To hope is to trust that we are part of a larger narrative bigger than ourselves and to look forward to the new life Christ offers.  The challenge and opportunity of Advent lies in cultivating stillness and silence, time for resting in Christ.  This preparation time allows me to ponder the hope of the angel’s message as Mary did.  I can discern how is God seeking to come into my life?  How is he already present?

Faith, charity, and good works lead us to hope, happiness and prepares us for eternal life. . Pope Francis cautions us that if we are guided by what is most attractive to us and our own interests, our life becomes sterile. We must respond to God’s grace by doing good every day. 

How are you going to make time for prayer this advent season?  God is waiting to show you his goodness and wants to reflect His goodness to the world in your face.  He is patient and generous and waiting for you and for me.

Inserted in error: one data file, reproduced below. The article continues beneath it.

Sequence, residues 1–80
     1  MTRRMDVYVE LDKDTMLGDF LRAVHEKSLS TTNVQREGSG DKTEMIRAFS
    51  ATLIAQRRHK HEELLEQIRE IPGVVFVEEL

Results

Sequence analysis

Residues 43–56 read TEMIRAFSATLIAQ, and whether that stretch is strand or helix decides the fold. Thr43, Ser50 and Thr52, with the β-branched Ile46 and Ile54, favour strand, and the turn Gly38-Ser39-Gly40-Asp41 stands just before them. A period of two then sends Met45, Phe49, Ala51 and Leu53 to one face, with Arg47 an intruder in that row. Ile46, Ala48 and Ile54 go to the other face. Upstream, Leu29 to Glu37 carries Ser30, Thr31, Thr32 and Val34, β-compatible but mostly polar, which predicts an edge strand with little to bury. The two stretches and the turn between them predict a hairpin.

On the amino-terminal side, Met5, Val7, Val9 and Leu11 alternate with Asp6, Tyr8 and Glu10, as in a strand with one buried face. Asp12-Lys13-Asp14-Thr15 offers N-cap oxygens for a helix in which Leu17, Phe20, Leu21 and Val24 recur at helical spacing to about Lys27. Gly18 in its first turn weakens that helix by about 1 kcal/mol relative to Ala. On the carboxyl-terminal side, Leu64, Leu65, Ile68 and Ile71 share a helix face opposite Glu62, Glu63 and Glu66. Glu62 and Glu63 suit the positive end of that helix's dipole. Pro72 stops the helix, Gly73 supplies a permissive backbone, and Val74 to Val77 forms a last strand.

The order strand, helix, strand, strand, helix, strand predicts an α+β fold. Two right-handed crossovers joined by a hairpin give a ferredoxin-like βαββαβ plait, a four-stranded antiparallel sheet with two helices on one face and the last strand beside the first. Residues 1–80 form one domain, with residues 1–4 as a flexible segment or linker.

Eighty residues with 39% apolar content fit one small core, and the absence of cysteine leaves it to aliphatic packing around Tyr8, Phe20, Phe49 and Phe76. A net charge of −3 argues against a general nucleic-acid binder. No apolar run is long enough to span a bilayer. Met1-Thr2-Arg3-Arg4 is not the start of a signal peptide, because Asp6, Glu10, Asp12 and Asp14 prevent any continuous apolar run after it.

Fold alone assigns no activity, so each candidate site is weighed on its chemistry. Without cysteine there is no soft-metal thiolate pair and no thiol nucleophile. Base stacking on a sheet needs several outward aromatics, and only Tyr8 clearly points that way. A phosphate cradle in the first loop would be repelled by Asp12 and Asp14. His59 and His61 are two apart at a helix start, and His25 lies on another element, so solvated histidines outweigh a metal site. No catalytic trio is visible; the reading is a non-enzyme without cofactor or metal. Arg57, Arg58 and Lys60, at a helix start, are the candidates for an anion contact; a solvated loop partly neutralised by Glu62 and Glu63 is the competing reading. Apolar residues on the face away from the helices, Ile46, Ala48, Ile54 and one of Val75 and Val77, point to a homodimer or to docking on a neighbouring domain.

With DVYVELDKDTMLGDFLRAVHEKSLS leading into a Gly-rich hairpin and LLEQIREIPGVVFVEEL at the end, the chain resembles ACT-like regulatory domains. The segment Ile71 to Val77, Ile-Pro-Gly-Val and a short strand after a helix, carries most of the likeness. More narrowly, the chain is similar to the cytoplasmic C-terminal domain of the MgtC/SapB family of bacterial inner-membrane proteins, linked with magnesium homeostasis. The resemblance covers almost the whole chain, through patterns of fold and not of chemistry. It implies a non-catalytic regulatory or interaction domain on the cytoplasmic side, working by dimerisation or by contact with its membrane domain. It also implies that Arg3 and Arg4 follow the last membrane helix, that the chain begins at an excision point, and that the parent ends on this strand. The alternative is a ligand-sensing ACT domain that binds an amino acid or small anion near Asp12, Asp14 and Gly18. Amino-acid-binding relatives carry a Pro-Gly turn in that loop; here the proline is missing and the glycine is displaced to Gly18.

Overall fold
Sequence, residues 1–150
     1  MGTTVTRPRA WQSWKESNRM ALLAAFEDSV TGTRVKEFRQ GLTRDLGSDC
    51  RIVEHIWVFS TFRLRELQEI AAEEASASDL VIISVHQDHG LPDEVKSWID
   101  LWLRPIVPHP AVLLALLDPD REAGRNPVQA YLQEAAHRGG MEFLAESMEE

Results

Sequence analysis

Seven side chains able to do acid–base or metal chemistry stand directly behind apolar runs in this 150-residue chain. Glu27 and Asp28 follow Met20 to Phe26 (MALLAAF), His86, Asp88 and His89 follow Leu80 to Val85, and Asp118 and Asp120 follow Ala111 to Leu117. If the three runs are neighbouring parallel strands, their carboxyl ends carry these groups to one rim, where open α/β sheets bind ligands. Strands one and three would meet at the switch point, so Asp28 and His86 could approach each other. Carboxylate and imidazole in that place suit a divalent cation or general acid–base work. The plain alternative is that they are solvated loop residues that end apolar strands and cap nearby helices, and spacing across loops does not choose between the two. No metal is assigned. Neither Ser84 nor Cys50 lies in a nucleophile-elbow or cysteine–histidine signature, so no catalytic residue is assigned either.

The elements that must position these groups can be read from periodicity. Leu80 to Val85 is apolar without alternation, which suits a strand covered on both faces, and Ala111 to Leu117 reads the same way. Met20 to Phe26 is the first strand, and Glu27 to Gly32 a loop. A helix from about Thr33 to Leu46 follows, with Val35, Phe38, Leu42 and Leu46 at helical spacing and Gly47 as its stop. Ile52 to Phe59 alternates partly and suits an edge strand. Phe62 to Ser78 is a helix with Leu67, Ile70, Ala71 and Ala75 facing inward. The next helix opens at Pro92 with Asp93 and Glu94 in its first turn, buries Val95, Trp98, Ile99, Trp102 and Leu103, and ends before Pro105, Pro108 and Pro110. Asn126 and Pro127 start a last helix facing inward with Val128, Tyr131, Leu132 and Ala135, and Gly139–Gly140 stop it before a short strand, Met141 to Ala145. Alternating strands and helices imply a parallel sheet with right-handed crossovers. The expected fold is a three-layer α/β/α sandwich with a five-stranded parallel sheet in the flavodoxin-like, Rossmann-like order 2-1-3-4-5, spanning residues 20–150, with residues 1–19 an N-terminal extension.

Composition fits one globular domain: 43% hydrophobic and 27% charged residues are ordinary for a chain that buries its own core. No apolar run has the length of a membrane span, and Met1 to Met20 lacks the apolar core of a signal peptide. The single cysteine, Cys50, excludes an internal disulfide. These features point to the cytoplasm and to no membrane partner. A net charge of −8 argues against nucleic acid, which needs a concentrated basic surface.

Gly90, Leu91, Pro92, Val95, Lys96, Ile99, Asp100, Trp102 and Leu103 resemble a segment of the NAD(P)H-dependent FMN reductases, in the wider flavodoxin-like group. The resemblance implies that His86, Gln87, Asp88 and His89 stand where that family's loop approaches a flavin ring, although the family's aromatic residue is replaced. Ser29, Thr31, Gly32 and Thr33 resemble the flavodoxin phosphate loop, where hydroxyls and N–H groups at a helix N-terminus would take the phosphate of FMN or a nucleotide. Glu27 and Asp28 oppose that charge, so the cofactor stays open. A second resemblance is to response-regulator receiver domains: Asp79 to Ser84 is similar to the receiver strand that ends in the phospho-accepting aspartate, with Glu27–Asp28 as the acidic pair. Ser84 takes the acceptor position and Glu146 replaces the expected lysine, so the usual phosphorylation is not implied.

Hope revives our spirit. This spiritual renewal and living in the light are directly tied to the grace of me surrendering to my creator.  Oh, how I live in gratitude that Christ was born to save me from myself, allowing my soul to shine His light.  If you want some daily inspiration for your soul, you can sign up here for Matthew Kelly’s Advent messages.

Advent calls us to be alert, be watchful.  The vision of Smitten With Goodness is to challenge and inspire us to be alert and awake to God’s goodness daily while living in the tension and preparing for eternal life.  Silence and prayer facilitate this for me. 

How do you stay awake, keep an eternal perspective and battle complacency to live in hope, love, joy and peace?  How will you reclaim this goodness for yourself this Christmas season?